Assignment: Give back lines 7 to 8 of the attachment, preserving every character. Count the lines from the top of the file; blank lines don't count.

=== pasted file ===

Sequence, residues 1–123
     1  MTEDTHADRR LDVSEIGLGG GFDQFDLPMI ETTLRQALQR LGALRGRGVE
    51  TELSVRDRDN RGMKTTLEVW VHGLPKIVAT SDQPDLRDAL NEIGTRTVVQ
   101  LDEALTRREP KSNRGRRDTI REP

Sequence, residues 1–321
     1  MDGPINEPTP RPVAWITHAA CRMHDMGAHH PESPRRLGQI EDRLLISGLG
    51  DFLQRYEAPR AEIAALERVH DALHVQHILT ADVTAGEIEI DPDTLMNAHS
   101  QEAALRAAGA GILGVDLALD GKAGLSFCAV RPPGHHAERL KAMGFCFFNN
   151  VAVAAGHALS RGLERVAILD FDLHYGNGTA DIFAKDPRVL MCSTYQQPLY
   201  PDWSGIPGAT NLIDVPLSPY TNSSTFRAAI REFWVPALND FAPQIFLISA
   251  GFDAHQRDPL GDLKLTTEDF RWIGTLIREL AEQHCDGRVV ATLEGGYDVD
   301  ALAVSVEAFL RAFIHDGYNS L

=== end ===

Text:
    51  DFLQRYEAPR AEIAALERVH DALHVQHILT ADVTAGEIEI DPDTLMNAHS
   101  QEAALRAAGA GILGVDLALD GKAGLSFCAV RPPGHHAERL KAMGFCFFNN